I listened, I read, I thought.  I don’t supposed it’s the least surprising that by the time I graduated from high school, I had acquired a deep belief that the world was flawed, that it was foolish to expect it to get better just because some of us refused to participate in war.  More than that, I began to think that it was not possible to live in the United States without participating in our commitment to engaging in war.  Whether pacifists want it or not, we are all protected by those who are willing to take up arms.  

When I joined the Marines, I truly believed that it was a sin to kill people, but that it was necessary from time to time to do so, to protect my country.  Even though I would not be called upon to fight, I understood that by joining the service, I was taking part in something I had been taught all my life — was wrong.

I probably don’t need to tell you that it was disillusioning to serve in the Marines in the 1960s, during the Vietnam years.  Not disillusioning to be a Marine… disillusioning to see how our military were being used by mindless, soulless technocrats in Washington DC.  That’s when I began to see that there were much worse things than serving in the military.  

One of the realities of life is that we all die.  Those of us who are veterans of military service are those among us who offered up their lives that we all might live free.  There is no shame there, no sin; there is nothing but honor in swearing to support and defend the Constitution of the United States.  Some of us ended up giving our lives, some of us did not, but we all made that commitment.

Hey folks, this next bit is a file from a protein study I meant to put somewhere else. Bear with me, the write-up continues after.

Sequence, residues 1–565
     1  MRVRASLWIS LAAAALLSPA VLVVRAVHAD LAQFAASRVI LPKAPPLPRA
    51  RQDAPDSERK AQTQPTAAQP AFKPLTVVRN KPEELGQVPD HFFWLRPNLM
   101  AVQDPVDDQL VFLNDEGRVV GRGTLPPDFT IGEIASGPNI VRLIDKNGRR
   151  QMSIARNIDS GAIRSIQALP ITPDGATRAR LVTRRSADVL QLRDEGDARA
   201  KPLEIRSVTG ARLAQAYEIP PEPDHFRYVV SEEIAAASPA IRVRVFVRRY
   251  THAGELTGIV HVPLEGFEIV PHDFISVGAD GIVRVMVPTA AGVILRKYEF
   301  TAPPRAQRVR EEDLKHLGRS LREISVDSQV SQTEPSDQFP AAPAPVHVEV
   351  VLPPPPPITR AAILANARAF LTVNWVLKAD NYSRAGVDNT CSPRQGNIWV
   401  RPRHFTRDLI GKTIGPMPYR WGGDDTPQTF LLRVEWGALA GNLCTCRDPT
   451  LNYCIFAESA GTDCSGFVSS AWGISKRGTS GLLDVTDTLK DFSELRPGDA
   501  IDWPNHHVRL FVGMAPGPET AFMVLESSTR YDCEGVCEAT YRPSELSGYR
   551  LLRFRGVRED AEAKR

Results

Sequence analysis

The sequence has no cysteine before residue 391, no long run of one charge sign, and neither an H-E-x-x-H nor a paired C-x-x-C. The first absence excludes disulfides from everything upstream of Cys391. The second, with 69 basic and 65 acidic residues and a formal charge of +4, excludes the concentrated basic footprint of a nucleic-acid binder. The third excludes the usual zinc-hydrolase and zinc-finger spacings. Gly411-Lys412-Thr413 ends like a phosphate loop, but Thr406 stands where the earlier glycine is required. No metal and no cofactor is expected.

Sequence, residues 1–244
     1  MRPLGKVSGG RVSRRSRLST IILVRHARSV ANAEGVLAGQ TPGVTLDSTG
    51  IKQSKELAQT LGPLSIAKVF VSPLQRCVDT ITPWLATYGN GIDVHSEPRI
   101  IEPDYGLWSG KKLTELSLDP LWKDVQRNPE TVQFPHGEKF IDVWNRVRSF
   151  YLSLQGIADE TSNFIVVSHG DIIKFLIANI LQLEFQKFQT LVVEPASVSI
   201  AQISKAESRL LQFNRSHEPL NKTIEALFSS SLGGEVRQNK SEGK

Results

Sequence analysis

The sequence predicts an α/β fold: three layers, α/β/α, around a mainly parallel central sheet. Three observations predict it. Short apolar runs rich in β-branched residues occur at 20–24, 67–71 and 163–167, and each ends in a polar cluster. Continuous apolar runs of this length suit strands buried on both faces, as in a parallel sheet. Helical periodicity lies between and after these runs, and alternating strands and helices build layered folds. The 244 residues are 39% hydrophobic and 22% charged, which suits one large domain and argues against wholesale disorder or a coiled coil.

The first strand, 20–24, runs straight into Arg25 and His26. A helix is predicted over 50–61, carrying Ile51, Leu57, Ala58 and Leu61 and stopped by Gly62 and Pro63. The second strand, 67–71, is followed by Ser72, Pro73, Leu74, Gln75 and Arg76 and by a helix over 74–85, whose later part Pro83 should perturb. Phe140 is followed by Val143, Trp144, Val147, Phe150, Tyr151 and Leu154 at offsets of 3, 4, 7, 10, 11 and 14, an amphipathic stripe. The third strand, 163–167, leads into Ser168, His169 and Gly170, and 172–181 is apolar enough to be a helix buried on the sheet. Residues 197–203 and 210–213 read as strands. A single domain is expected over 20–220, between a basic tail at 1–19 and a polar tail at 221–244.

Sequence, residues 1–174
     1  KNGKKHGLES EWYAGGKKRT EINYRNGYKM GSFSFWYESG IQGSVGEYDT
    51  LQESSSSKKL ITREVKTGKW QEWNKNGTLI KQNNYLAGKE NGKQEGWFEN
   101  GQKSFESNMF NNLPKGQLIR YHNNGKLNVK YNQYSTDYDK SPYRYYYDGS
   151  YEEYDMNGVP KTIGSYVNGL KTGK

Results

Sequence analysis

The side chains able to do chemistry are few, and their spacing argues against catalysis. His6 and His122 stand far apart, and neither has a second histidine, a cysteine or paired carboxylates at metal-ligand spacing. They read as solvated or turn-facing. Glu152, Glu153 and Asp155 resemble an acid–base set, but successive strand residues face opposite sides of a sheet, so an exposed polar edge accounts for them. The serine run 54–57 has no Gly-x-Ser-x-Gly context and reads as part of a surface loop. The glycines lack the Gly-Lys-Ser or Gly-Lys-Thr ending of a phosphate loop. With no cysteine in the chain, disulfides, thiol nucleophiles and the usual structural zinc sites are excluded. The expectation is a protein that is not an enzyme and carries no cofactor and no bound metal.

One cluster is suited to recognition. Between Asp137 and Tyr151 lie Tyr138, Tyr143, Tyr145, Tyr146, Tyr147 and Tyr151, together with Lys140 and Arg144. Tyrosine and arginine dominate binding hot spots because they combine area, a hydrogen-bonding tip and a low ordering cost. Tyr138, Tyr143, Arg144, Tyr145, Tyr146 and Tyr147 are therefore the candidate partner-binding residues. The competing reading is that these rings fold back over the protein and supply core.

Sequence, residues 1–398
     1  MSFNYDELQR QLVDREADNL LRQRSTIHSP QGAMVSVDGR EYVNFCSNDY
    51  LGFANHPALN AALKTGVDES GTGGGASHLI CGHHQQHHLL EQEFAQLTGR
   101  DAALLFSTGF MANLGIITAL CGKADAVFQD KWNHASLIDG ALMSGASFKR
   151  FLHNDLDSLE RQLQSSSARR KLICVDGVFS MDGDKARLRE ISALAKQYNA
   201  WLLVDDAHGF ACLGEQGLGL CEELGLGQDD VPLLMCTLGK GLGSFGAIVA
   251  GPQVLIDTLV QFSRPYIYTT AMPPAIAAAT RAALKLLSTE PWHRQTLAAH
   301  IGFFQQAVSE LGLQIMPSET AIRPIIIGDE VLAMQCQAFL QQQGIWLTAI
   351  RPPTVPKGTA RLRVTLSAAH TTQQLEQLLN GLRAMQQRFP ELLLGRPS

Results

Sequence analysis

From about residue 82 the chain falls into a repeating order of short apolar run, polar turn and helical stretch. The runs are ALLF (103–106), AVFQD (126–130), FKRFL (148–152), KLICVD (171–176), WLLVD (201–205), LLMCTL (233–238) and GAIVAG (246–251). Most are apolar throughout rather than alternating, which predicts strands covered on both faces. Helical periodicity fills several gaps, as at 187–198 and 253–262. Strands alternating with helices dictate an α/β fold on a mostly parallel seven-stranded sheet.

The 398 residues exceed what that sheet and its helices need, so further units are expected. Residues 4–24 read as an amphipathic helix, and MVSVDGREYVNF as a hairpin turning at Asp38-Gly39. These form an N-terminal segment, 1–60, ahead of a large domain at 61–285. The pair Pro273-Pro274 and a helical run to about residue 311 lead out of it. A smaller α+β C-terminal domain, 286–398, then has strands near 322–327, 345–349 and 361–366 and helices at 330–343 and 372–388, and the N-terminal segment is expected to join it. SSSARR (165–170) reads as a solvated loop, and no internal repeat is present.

We each face times in our lives when we have to make hard choices, when maybe what we have to do is something that, at some level, will seem wrong – but in that doing, something really good will happen.  It isn’t good to kill, but if it means that a whole population lives, then it can be necessary.

We have a responsibility to understand all the implications of our choices, to know that if we are not alert, we can be used.  That’s true whether we’re talking about military service or helping out that cousin from wherever who just wants to camp in the back yard for a week.  It’s true when we’re talking about the choices we make in running our businesses, teaching our students, or raising a family.  Our Christian faith calls us to a thoughtful way of living.  It may be easier to see when it comes to something like military service, but it is always there, always part of that commitment that Jesus wanted the Pharisees to make.

Psalm 16 says:
I bless the Lord who gives me counsel; in the night also my heart instructs me. 
I keep the Lord always before me;
because [God] is at my right hand, I shall not be moved. 

When we are faced with those tough decisions, God’s presence is always with us and God will help us discern the best way forward.  In that presence, in that help, we will find the joy of deep faith.

Amen.

©2022, Virginia H. Child